The Fourth Annual Canadian Quantum Information Students' Conference
Current physical implementations of quantum key distribution (QKD) require communicating parties to be close together. We will explore methods for allowing parties separated by long distances to communicate by combining many QKD links in a network and discuss the resulting security properties.
Previous experiments on the production of entangled photon pairs directly in optical fiber via four-wave mixing (FWM) have used a single pump laser and produced signal and idler photons with similar wavelengths. We will present the first results of our investigation into the production of widely separated entangled photon pairs via FWM in optical fiber using multiple pump lasers also at widely separated wavelengths. This source will have important applications in quantum cryptography and computation.
Many authors have proposed what are known as "phase-space" or "classical" representations of quantum mechanics. A unifying framework is given which illustrates the relationship among these various theories. Examples relevant to quantum computing will be given.
The one-way measurement model is a model of quantum computation which is intriguing for its' potential as a means of implementing quantum computers, but also for theoretical purposes for the different way in which it allows quantum operations to be described. Instead of a sequence of unitary gates on an array of ``wires'', operations are described in terms of emph{patterns}, consisting of a graph of entanglement relations on a set of qubits, together with a collection of measurement angles for these qubits (except possibly for a subset which will support a final quantum state).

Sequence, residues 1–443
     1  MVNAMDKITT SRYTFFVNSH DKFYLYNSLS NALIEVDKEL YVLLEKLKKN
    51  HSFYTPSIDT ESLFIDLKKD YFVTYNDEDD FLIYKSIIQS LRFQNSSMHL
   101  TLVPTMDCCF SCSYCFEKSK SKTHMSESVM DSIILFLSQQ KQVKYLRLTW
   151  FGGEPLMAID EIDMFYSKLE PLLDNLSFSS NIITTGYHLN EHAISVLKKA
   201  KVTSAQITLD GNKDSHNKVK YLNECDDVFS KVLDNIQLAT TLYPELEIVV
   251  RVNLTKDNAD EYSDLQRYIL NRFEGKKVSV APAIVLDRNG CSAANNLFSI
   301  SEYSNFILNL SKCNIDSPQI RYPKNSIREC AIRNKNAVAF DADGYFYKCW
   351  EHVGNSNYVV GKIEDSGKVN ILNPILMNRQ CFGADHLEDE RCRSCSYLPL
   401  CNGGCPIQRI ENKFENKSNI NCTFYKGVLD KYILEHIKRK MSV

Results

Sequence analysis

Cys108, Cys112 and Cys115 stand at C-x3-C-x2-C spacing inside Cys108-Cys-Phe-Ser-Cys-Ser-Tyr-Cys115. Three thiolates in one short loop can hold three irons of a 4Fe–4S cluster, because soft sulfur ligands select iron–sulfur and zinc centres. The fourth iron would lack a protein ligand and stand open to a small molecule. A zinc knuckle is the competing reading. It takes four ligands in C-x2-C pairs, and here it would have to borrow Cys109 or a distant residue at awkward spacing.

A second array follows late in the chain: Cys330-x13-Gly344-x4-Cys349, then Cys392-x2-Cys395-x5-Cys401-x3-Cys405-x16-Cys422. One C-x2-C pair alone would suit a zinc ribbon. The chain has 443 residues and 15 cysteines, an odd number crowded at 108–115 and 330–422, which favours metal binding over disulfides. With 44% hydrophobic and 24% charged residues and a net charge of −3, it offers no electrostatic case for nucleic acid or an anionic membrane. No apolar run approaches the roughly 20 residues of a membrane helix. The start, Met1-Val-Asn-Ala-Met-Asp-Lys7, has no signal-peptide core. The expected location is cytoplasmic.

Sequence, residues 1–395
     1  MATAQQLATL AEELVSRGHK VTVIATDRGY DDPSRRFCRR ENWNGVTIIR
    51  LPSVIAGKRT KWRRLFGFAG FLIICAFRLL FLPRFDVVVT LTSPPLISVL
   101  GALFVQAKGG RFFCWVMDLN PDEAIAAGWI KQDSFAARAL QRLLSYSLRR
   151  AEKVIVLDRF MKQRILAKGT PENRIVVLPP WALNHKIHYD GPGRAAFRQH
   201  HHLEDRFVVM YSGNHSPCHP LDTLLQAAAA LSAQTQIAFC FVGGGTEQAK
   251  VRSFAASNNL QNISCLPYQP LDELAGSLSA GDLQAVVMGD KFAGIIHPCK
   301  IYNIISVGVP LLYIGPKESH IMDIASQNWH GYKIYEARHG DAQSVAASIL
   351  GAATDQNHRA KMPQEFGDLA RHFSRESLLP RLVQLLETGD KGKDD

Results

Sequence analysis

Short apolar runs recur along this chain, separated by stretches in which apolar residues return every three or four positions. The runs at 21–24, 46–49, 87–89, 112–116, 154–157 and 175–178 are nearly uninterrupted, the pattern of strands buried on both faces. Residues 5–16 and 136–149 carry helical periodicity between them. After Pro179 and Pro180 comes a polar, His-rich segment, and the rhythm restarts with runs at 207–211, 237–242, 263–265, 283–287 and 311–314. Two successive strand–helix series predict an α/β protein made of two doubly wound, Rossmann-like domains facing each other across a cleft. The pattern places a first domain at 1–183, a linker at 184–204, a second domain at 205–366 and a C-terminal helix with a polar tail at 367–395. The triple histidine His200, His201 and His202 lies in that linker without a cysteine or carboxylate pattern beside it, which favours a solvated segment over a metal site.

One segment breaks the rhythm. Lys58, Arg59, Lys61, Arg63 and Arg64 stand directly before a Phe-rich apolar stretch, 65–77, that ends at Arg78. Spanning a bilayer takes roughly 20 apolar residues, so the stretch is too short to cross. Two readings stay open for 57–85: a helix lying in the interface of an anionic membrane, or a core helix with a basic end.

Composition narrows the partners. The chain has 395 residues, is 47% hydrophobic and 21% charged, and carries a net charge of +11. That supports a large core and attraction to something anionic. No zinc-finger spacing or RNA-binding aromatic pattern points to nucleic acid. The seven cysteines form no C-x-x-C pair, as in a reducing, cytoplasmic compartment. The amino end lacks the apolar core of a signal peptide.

In this presentation I will briefly explain the cluster state model of quantum computing. Then will talk about a scheme that uses polarization and time-bin degrees of freedom of photons in optical fibres for the optical realization of this model. We are currently working on the implementation of this scheme in our lab.
Quantum coin tossing is a cryptographic task in which two parties, Alice and Bob, wish to generate a shared random bit but do not necessarily trust each other. This task is completely impossible to realize with classical asynchronous communication but becomes at least partially feasible when quantum communication is also available. The best quantum protocol known so far, due to Ambainis, uses qutrits and is near optimal in the sense that either party can bias the outcome with at most a 75% probability of success.
The notion of weak-degradability of quantum channels is introduced by generalizing the degradability definition given by Devetak and Shor. Exploiting the unitary equivalence with beam-splitter/amplifier channels we then prove that a large class of one-mode Bosonic Gaussian channels are either weakly degradable or anti-degradable. In the latter case this implies that their quantum capacity Q is null.